A rising fourth-year doctoral student at the University of Notre Dame, Sean Murphy, class of 2015, has found his liberal arts education and theatre experience at Wittenberg to be tremendous assets in his scientific career.
“Presenting data is typically a chore for many scientists, but I rather enjoy it,” said Murphy, who came to Wittenberg as a theatre scholar, but earned his degree in biochemistry and molecular biology with a minor in computational science.
“A scientific discovery is essentially a story,” he continued. “You have your setting, typically in mice but sometimes in humans, your characters involved are the specific cancer, the immune cells involved, the treatment you’re using and so forth. Then, you have a typical story arc as these characters interact in the setting. Many scientists would benefit from a theatre class or two. When a subject as complicated as cancer research is being presented, it’s a good idea to inject some humor and intrigue in how you are presenting.”
One of the many reasons Murphy, originally from Arlington, Indiana, chose Wittenberg was because “the University provides anyone the opportunity to participate in many varied extracurriculars.” And he took advantage of that during his time at Wittenberg holding several officer positions as a member of Lambda Chi Alpha, as founder and president of Witt-E-Sports, president of the American Institute of Biological Sciences, and in theatre, where he was the lead in The Green Hill his senior year and supporting actor in several other productions every semester either with the crew or on stage.
“I was in theatre while having an intensive major and a minor,” he said. “Wittenberg is a unique school insofar as you can get the traditional college experience, but at a much smaller school so you can really be intimately involved with the University. The professors in the sciences are truly special and will help foster your intellectual curiosity.
“Wittenberg helped me by fueling my love for research, primarily through Dr. Margaret Goodman,” Murphy continued. “Dr. Goodman was without a doubt the best influence, academically, during my time there. Her ability to help me grow as a student was definitely beneficial, but more importantly, she was there for me as a mentor in other aspects of my life. During my freshman year, just like many college students across the country, I struggled with severe mental health issues. There were times when it was all coming down and nothing was working. My mind, at that time, was not my own. Dr. Goodman was the first person I went to and after a few minutes of talking she immediately got me help. If it wasn’t for Dr. Goodman then I’m not sure I would be typing this today.”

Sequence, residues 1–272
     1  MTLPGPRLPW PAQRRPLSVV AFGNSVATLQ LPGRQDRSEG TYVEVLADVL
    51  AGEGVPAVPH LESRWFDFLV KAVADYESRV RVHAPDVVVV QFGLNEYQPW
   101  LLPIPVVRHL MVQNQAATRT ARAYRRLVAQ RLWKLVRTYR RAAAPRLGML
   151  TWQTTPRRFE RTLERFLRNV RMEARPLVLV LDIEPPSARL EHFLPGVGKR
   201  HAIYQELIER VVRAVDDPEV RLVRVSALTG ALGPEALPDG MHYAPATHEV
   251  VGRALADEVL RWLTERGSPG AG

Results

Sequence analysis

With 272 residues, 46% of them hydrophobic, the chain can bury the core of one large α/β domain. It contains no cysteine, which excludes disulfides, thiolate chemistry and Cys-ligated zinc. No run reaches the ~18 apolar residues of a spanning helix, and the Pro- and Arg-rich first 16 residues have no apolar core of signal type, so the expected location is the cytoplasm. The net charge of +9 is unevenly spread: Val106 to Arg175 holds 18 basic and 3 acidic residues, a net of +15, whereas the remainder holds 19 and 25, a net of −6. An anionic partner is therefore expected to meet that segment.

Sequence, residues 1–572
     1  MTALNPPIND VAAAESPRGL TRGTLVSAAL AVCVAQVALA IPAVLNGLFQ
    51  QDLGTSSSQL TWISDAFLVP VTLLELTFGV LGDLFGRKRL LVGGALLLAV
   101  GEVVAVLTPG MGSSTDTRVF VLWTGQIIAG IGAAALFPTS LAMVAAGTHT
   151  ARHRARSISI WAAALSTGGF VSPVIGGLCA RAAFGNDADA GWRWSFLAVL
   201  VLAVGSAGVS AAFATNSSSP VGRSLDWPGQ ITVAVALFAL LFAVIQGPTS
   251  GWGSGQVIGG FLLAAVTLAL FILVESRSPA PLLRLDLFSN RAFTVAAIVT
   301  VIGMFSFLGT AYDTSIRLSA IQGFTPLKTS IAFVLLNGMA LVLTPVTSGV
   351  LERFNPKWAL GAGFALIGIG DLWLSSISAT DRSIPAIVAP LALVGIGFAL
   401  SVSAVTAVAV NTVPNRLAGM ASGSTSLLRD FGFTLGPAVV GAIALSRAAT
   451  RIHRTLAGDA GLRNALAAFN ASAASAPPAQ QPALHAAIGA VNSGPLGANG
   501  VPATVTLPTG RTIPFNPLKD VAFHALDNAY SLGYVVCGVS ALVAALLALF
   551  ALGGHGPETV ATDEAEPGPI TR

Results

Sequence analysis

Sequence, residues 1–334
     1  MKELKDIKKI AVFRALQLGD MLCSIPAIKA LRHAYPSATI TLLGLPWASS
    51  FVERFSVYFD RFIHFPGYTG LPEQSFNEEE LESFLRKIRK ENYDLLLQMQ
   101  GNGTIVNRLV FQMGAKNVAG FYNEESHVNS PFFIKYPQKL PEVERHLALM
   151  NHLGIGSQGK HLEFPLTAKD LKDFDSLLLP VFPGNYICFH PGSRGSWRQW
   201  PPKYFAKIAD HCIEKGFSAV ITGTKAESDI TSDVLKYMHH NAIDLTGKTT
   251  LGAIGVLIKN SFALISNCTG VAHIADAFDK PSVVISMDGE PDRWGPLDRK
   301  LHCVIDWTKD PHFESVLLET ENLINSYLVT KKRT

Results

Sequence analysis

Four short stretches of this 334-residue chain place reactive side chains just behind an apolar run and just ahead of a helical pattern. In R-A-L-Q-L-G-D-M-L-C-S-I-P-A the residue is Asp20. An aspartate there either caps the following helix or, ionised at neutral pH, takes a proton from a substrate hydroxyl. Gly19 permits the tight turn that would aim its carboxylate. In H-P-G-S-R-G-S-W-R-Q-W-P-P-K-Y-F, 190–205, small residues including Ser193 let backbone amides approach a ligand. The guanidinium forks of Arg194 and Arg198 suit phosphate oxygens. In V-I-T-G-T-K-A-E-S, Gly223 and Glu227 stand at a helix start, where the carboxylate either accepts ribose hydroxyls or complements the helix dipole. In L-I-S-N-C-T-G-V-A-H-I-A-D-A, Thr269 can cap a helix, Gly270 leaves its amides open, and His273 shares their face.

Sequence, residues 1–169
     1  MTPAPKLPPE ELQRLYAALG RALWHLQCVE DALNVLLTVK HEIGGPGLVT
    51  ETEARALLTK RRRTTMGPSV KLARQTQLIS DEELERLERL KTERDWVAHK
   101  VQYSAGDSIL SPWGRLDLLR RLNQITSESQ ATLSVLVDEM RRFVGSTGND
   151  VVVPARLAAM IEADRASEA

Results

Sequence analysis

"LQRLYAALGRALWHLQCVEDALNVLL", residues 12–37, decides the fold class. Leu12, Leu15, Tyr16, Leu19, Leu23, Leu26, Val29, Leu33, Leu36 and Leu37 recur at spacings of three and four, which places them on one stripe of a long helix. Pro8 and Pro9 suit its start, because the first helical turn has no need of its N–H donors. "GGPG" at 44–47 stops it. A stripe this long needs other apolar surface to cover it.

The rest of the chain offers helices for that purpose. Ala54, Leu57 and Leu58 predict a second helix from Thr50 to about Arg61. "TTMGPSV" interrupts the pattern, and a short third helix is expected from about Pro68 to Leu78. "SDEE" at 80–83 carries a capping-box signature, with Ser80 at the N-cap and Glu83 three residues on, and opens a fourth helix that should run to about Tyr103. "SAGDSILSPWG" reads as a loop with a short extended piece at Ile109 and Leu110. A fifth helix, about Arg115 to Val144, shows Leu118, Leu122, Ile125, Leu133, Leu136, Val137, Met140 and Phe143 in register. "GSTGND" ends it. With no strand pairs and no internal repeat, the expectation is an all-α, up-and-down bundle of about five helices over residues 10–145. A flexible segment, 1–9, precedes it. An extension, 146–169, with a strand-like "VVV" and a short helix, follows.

After earning his master’s in biotechnology at Johns Hopkins University in Baltimore, Maryland, where he also worked at a special chemistry lab within the university’s hospital system, testing blood levels of patients, including those battling cancer, Murphy found inspiration to focus his research on the Ketogenic diet and develop new methods of treating cancer along with other health issues through his current research.
“Studying cancer biology and how dietary modifications can be used to treat aggressive and therapy resistant cancers led me to researching the Keto diet because of its abilities to fight seizures,” said Murphy, who suffered from seizures while studying at Johns Hopkins. “The seizures started developing after taking medication for my mental health issues over the years. In a way, the anxiety and depression that I first developed from being bullied as a child is now responsible for helping me develop new methods to treat various forms of cancer.”
Currently residing in South Bend, Indiana, Murphy has plans of marrying his fiancée, Megan Larson, in July of 2022. She is currently a marketing specialist for the South Bend school system, while he plans to transition to clinical research after completing his Ph.D. at Notre Dame.
“My ultimate career goal is to run a clinic that operates as a retreat for patients to receive their prescribed medications as well as improve their outcomes by altering their lifestyle. These lifestyle changes include, altering their diet, reducing stress, increasing exercise, reducing toxins, and fostering connections with other cancer patients,” he said. “I’ve had the dream of doing cancer research at Notre Dame since my time at a small town junior high school and here I am doing it! You're going to have adversity in life, but if you hold onto your crazy dream then it just might come true.”